Debts are never truly forgiven, they are always paid. A person with a debt is expected to repay that debt to the lender. If that lender “forgives” the debt, the debtor is only free because the lender has paid a price. Forgiveness always comes with a price tag. Join us for part two of Prodigals where we will explore the cost of forgiveness.
Forgiveness is ____________ to the person __________________ it.
________ ________ and welcome __________ ______ ____.
This week, as you read examples of those who were willing to pay a high price to extends God’s mercy to others, invite the Holy Spirit to show you how you can follow these examples.
- Day 1: Exodus 5
- Day 2: Exodus 6
- Day 3: Luke 15
- Day 4: 2 Corinthians 10
- Day 5: 2 Corinthians 11
- Day 6: 2 Corinthians 12
- Day 7: Philemon
Prodigal God by Timothy Keller
The Jesus I Never Knew by Philip Yancey
What’s So Amazing About Grace By Philip Yancey
Check out these and other suggested books at
- When was the last time you had to forgive someone? What did it cost you?
- When was the last time you received forgiveness? Who paid the price?
Small Group Questions
Use this outline for personal reflection, as a couples or family devotion, or with a small group.
HANGOUT (warming up to the topic)
If a friend borrowed your car and brought it back to you without gas, who paid for the gas? Would you say anything to your friend? Why or why not? If you owed a bank $1,000 and that bank forgave your debt, who paid the $1,000? If your boss said something unfair about you to your co-workers and you forgave him, did that forgiveness come at a price? If so, what was it and who paid it?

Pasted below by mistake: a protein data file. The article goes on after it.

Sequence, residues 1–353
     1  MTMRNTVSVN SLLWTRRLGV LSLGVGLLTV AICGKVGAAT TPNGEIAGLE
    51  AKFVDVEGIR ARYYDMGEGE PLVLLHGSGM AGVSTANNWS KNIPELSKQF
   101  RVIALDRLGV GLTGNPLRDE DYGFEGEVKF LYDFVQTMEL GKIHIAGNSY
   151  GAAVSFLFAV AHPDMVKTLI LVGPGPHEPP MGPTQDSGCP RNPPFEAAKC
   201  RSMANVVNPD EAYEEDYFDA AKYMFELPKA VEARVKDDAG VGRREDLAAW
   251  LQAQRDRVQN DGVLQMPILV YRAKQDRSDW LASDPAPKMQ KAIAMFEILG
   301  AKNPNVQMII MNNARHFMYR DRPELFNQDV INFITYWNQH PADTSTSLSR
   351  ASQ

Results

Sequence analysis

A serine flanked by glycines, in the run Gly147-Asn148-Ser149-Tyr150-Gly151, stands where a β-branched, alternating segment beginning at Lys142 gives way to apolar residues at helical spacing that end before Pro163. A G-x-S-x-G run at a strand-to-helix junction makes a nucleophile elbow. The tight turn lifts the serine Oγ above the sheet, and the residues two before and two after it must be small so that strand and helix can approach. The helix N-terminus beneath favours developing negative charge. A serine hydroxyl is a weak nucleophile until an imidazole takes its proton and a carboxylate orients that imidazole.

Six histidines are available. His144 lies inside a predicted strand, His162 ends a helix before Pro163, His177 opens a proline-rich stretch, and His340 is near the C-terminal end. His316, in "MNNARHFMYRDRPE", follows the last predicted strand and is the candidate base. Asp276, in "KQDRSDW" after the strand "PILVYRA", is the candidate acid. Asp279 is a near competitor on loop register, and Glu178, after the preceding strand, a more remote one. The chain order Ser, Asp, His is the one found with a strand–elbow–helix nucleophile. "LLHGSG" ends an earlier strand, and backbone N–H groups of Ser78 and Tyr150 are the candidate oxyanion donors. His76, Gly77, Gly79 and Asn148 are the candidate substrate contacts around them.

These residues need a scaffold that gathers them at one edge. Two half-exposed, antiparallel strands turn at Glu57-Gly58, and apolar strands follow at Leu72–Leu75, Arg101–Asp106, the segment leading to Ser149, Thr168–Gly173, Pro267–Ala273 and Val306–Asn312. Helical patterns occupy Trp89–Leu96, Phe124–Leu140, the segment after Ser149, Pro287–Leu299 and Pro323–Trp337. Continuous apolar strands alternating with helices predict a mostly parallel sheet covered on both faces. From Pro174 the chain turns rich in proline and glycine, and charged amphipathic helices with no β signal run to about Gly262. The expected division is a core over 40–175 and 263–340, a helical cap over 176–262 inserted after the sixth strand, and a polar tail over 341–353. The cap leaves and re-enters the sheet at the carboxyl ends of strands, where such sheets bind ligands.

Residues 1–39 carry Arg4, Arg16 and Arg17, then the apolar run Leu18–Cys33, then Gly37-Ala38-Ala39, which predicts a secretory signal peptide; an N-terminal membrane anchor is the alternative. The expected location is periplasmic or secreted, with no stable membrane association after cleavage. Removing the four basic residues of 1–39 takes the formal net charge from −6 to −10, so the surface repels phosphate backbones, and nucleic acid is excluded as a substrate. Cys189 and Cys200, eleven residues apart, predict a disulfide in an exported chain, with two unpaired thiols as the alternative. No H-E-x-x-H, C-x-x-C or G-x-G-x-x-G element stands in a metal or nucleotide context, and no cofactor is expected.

HEAR (listening to God through Scripture)
The book of Philemon is one of the shortest books in the New Testament. It is a personal letter written by the apostle Paul asking Philemon to pay the price of forgiving a runaway slave.
Read Philemon 1:1-7
- What does Paul’s introduction tell us about his circumstance?
- Based on these verses, what do you know about Philemon?
- What has provided Paul with “much joy and comfort”?
Read Philemon 1:8-16
- Why does Paul prefer to appeal to Philemon rather than command him? What is the risk of making an appeal? What is the benefit?
- What can we infer happened to Onesimus after he met Paul? What evidence do you see to support that belief?
- Read Galatians 3:28 & 4:4-8. Is Paul’s message to Philemon consistent with what he said to the Galatians? Why or why not?
Read Philemon 1:17-25
- What, specifically, was Paul asking of Philemon? Who was going to pay the price for Onesimus’s freedom? What did Philemon owe Paul? How was Paul leveraging that debt?
- We do not know how Philemon responded to Paul’s request, but if he rejected it, what would that say about Philemon?
- Read Colossians 2:13-15. What happened to the record of our debts? Who paid the price?
- If our debts were paid on the cross, what does that mean for the debts we are owed?
- Could Jesus say to you what Paul said to Philemon? Read Matthew 6:12-15. Is there someone you are unwilling to forgive?
HUDDLE (making it personal and praying together – in huddles)
Are you harboring any bitterness or unforgiveness in your heart? If so, for whom and why? What would it take for you to forgive that person? Talk about it, invite accountability, and take time to pray.